When we take a moment to reflect back on the greatest experiences in our life. We will find ourselves meandering, invariably through our childhood. Moments when the only things that mattered were the task at hand. It could be that the fate of the world depended on the sand castle that we were making to defend against an imaginary marauding army of evil invaders or Darth Vader. Or it could be the masterpiece that we were creating with our LEGO collection. It didn’t matter what it was as long as it mattered to us.
When we grow up, we try to create the same experience of thoughtlessness by scaring ourselves. Why do you think that adventure sports like sky diving, bungee jumping, car racing, horror films etc. are such a big business? It is because it is only in those few moments that we are completely there and alive. It is only then that we experience what is called mindfulness.
But what if mindfulness could be achieved by other means. Imagine that feeling of being truly alive and aware being at our beck and call when we choose for it to be there.Just like toddlers are totally immersed in every experience that they come across be it screaming, giggling, laughing, drawing or just looking at the birds from the window. They don’t let what happened yesterday or what’s going to happen tomorrow come in the way of having fun or just being. They are just free. Even we can unlearn a lot of the world has taught us to go back to a state of mindfulness.
The truth is that we are all conditioned to look at life in a certain way that we need to get the best education to get the best job to buy things? And buying those things will lead us to happiness! Does it? While our introverted mind can be a wondrous place filled with imagination, creativity, and contemplation.
It can also be frightful and filled with worry, self-reproach, and regret. And to imagine 47% of our life is spent thinking, living a life inside of our mind, constantly fast forwarding it to what’s going to happen in the future or replaying what has already happened in the past (often full of regrets).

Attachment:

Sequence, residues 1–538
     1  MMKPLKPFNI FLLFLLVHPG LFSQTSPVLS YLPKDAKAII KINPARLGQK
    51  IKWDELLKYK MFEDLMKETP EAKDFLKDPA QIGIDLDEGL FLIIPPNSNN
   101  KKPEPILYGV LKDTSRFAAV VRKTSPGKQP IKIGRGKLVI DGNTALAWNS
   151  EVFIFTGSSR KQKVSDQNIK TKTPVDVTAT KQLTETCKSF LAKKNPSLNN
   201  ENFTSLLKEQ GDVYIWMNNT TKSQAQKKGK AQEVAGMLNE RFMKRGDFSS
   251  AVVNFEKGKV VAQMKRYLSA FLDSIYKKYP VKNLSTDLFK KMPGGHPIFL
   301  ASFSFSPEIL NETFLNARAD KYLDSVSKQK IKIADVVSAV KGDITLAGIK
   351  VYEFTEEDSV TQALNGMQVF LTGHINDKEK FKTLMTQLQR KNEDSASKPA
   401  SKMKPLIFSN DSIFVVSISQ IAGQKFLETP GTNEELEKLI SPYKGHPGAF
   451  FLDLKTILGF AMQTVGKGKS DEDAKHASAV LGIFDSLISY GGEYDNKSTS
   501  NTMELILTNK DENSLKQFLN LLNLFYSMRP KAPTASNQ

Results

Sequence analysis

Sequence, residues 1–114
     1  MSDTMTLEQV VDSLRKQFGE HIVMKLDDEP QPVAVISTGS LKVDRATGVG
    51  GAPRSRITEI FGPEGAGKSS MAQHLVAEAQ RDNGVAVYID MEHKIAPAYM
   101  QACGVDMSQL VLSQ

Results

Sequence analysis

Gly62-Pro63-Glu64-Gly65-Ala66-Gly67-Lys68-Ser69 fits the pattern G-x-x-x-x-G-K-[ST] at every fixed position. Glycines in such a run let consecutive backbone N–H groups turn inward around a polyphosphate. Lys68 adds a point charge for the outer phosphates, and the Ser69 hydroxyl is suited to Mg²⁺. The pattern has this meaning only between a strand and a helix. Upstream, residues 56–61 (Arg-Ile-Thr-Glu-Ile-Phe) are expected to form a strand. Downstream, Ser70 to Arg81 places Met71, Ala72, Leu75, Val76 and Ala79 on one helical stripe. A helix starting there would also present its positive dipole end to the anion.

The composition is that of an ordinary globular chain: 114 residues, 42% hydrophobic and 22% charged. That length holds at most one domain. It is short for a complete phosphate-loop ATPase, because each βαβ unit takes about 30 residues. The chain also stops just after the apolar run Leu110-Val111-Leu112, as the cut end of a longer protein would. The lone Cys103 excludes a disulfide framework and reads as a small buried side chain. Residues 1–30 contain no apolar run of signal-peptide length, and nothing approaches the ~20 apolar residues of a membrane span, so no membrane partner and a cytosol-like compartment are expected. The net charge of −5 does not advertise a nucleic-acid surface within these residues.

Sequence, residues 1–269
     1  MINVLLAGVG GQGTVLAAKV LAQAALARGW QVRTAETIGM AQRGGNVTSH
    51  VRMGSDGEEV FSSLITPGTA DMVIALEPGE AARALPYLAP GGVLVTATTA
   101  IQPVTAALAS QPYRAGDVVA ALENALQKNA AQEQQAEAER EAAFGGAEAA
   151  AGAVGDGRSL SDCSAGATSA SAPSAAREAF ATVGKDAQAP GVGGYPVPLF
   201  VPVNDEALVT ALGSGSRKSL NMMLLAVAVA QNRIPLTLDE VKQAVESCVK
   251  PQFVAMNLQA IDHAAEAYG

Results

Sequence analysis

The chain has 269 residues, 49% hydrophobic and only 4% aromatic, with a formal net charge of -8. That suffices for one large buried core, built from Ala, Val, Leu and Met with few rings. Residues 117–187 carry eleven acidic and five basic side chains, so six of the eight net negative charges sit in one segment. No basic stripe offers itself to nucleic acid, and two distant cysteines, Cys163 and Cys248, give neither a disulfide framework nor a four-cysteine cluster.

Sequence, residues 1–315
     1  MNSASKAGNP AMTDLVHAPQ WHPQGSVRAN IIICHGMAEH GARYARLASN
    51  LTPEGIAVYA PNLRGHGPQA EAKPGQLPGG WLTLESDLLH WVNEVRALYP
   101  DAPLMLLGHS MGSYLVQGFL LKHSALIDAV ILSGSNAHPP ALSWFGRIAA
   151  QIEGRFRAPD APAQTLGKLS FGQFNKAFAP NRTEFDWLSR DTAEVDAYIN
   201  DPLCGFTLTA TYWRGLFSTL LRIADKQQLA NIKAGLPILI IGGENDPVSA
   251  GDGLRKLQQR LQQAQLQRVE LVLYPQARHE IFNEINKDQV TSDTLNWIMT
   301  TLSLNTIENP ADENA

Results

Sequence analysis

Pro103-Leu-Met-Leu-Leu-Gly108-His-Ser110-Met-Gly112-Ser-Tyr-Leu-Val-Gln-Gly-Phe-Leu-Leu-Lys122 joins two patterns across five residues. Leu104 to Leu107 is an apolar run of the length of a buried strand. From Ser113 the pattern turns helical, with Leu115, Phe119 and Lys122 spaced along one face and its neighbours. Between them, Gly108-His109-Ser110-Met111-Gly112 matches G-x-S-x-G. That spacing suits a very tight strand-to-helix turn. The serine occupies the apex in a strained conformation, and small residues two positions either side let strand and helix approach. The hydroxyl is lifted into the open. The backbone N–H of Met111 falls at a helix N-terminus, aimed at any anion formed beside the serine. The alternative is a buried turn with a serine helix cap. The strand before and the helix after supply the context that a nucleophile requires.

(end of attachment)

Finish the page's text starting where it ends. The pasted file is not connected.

And all the while, without realising, we’re missing out on the only time that matters — this moment! The past is dead. We can never change it. The future is not promised to anybody. All we ever have is this moment.
So, imagine a life where we are present in each moment, like children do. Think of all the joy we could experience! But some of the simplest things are also the toughest to follow. Many of us have spiritual awakenings, that “a-ha” moment, triggered within, and not necessarily but usually it’s after some form of hitting “rock bottom”. That’s when we realize how much we’ve been missing out by living a self-created unhappy life. It’s about not “wishing” for something or even “wishing away” something, it’s about realising, accepting, experiencing and feeling “where you are”, wherever that might be.
As Mathew Ricard in his TED talk said “We are ready to spend 15 years achieving education. We love to do jogging, fitness. We do all kinds of things to remain beautiful. Yet, we spend surprisingly little time taking care of what matters most — the way our mind functions — which, again, is the ultimate thing that determines the quality of our experience.”
Having said that, for each one of us it works differently. From children to nature to people to literature to meditation to exercise, is there an end to where an inspiration might strike us?